Actually I hope TW loses this; If so, it means cable cos DO NOT carry rights to YOU, just to your home cable. Opens the door for alla-carte from each content owner. I like that better

ken
post #17 of 20
Quote:
Originally Posted by Apple ][ View Post

Time Warner, bring back Fox News! I can't stand these liberals on my iPad at the moment.

I'm glad they got rid of Faux News. I hate when news companies try to make up their own facts. I agree with some conservative positions but it's hard for me to even support any Republican that allies themselves with Faux News.
post #18 of 20
Quote:
Originally Posted by kenliles View Post

not only that; but the ESPN app allows you to view ESPN content ANYWHERE! Not just in your home. If you are paying for it, why should your location matter?

Actually I hope TW loses this; If so, it means cable cos DO NOT carry rights to YOU, just to your home cable. Opens the door for alla-carte from each content owner. I like that better

ken

I agree to some extent but if I wanted ala carte I would just download from Itunes. For advertisers, and for Viacom ala carte is not necessarily good. I'm actually shocked Viacom is doing this. It's not in their own best interest long term. If I were an advertiser I'd be trying to strong arm Viacom into submission.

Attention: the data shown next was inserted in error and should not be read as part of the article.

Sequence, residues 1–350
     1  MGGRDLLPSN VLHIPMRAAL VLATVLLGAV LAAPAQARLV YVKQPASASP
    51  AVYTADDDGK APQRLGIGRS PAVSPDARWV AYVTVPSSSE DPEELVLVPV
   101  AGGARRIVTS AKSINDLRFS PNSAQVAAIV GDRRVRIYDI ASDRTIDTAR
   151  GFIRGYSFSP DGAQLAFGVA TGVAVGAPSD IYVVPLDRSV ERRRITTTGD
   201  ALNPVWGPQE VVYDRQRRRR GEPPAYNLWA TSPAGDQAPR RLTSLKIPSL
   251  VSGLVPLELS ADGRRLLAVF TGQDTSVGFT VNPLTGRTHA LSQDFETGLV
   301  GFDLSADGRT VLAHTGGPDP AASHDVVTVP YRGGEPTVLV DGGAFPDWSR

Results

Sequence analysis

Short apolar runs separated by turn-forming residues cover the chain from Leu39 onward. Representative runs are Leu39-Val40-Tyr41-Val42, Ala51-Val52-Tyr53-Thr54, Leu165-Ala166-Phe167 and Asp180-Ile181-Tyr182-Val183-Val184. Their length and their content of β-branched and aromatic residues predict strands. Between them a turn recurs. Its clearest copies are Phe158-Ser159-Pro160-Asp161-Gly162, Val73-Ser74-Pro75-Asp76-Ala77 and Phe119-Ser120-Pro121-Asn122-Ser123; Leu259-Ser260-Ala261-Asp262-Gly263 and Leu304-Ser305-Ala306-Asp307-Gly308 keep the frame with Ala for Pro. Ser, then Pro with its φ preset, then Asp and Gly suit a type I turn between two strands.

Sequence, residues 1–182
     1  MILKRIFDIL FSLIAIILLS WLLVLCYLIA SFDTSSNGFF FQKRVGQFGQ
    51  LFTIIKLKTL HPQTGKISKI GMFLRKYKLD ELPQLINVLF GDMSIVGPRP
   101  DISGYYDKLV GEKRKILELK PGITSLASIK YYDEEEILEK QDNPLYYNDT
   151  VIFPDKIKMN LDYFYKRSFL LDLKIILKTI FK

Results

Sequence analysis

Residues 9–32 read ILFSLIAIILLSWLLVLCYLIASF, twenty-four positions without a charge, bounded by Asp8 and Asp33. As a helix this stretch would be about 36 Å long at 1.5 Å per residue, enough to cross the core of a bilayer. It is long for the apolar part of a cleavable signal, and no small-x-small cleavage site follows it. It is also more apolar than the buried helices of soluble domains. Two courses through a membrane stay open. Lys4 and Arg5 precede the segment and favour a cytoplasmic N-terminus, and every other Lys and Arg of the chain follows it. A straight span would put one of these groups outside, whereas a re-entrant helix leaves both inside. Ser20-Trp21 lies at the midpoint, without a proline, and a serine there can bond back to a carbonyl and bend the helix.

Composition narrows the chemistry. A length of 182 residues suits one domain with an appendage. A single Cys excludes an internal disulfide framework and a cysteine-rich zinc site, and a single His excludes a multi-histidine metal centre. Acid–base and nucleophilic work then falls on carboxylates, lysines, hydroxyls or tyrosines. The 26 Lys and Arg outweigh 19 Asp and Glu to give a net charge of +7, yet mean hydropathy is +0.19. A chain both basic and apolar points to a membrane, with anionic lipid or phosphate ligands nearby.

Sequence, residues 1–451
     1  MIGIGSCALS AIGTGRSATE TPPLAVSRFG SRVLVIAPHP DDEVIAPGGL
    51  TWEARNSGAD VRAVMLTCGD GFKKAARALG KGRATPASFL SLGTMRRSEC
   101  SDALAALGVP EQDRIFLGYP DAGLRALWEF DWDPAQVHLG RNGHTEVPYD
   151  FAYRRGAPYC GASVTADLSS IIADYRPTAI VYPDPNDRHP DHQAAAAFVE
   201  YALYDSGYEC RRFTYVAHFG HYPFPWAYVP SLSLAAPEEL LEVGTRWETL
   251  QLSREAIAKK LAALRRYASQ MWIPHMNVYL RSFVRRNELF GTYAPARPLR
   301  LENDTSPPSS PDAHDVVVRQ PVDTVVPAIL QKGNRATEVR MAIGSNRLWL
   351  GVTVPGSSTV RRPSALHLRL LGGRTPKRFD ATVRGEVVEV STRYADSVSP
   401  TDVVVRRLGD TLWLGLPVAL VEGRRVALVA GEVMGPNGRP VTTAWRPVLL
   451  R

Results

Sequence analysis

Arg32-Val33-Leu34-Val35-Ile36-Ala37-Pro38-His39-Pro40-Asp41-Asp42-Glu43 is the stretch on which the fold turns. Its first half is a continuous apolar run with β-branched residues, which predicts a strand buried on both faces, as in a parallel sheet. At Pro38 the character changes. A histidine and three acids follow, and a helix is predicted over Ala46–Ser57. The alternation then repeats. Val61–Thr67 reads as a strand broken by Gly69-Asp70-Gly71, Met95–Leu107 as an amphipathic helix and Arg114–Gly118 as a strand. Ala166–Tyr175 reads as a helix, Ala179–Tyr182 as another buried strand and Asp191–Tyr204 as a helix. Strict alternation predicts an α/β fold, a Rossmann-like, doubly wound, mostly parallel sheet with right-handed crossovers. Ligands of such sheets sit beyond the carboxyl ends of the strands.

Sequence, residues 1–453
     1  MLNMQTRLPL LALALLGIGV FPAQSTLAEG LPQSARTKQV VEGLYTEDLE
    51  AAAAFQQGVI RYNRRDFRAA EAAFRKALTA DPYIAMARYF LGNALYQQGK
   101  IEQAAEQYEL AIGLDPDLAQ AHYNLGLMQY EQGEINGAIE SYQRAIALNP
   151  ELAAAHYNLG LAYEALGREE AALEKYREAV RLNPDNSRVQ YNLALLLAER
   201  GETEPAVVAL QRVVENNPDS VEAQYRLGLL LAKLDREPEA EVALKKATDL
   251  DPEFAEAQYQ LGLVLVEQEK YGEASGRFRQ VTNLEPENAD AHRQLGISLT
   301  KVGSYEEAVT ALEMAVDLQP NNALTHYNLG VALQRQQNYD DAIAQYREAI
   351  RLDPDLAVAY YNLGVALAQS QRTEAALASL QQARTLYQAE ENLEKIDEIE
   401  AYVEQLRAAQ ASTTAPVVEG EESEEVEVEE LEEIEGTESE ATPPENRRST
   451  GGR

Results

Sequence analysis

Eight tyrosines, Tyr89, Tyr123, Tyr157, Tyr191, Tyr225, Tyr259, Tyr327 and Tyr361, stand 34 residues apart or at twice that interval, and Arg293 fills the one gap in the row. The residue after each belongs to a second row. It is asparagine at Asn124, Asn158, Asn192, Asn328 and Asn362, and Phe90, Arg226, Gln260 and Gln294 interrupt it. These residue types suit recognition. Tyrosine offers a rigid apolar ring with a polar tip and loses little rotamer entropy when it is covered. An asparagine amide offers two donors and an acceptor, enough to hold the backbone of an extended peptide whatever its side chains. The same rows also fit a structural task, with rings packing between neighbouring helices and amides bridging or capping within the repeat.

post #19 of 20
Quote:
Originally Posted by AdonisSMU View Post

I'm actually shocked Viacom is doing this. It's not in their own best interest long term.

I"m not shocked. From what has gone out, Time Warner didn't ask permission to do this and it's not specifically allowed in the contracts. The networks have to say no and fight this because they can't have TW thinking it can do anything it wants. Say deciding that you can take that ipad anywhere,

Quote:

If I were an advertiser I'd be trying to strong arm Viacom into submission.

More like the other way around. Advertisers pay by views from the Nielsen sample group and they want accurate numbers just as much as the networks do (well accurate for that piss poor system). so they don't want this whole ipad thing because even given the chances that someone in the ratings group is using TW and has an ipad, it's just not worth the risk. one sample viewer is like 200k reported viewers in the ratings.
post #20 of 20
Quote:
Originally Posted by lilgto64 View Post

Did I read that right? If I buy a TV that has a built in app for watching TV channels that is plugged into the cable to my house at the address for which I have paid for service and use an app built into the TV to choose what channel to watch instead of using the "cable box" to do the channel switching then the content providers want me to pay again to subscribe to the same content at the same location on the same device just selected and switched by a different interface?

Yep, you read that correctly.

In other news Viacom, Fox, and other networks are going to sue the cable companies for allowing their programming to be viewed on those new fangled LCD televisions. They believe that they deserve more money for allowing their content to be viewed on anything other than a black and white CRT television.

What a bunch of morons.